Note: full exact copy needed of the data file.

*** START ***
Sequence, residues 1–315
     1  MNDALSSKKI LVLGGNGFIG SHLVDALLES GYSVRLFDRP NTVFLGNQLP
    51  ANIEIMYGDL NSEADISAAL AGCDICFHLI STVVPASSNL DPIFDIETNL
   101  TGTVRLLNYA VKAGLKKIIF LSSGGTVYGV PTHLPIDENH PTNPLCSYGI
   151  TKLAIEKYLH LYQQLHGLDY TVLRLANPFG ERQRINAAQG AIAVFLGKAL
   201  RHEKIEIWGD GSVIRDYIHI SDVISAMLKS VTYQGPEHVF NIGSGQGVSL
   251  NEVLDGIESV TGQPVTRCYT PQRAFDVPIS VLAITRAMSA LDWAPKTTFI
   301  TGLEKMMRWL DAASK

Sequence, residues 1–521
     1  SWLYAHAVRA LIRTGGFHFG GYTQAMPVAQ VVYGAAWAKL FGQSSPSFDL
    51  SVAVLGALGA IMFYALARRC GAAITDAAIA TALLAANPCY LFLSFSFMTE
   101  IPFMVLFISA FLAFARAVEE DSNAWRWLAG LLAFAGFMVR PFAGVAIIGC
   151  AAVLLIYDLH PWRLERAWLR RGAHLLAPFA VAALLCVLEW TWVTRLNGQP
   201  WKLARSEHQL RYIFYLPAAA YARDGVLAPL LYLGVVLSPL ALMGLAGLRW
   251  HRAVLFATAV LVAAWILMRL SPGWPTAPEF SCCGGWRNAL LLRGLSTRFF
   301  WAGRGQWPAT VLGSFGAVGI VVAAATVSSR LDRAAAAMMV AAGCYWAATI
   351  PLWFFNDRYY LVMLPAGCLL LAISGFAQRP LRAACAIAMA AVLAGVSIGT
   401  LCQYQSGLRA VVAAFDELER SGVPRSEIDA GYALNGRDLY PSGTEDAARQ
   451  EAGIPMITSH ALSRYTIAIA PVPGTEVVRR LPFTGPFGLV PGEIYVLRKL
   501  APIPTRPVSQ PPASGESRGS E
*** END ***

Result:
Sequence, residues 1–315
     1  MNDALSSKKI LVLGGNGFIG SHLVDALLES GYSVRLFDRP NTVFLGNQLP
    51  ANIEIMYGDL NSEADISAAL AGCDICFHLI STVVPASSNL DPIFDIETNL
   101  TGTVRLLNYA VKAGLKKIIF LSSGGTVYGV PTHLPIDENH PTNPLCSYGI
   151  TKLAIEKYLH LYQQLHGLDY TVLRLANPFG ERQRINAAQG AIAVFLGKAL
   201  RHEKIEIWGD GSVIRDYIHI SDVISAMLKS VTYQGPEHVF NIGSGQGVSL
   251  NEVLDGIESV TGQPVTRCYT PQRAFDVPIS VLAITRAMSA LDWAPKTTFI
   301  TGLEKMMRWL DAASK

Sequence, residues 1–521
     1  SWLYAHAVRA LIRTGGFHFG GYTQAMPVAQ VVYGAAWAKL FGQSSPSFDL
    51  SVAVLGALGA IMFYALARRC GAAITDAAIA TALLAANPCY LFLSFSFMTE
   101  IPFMVLFISA FLAFARAVEE DSNAWRWLAG LLAFAGFMVR PFAGVAIIGC
   151  AAVLLIYDLH PWRLERAWLR RGAHLLAPFA VAALLCVLEW TWVTRLNGQP
   201  WKLARSEHQL RYIFYLPAAA YARDGVLAPL LYLGVVLSPL ALMGLAGLRW
   251  HRAVLFATAV LVAAWILMRL SPGWPTAPEF SCCGGWRNAL LLRGLSTRFF
   301  WAGRGQWPAT VLGSFGAVGI VVAAATVSSR LDRAAAAMMV AAGCYWAATI
   351  PLWFFNDRYY LVMLPAGCLL LAISGFAQRP LRAACAIAMA AVLAGVSIGT
   401  LCQYQSGLRA VVAAFDELER SGVPRSEIDA GYALNGRDLY PSGTEDAARQ
   451  EAGIPMITSH ALSRYTIAIA PVPGTEVVRR LPFTGPFGLV PGEIYVLRKL
   501  APIPTRPVSQ PPASGESRGS E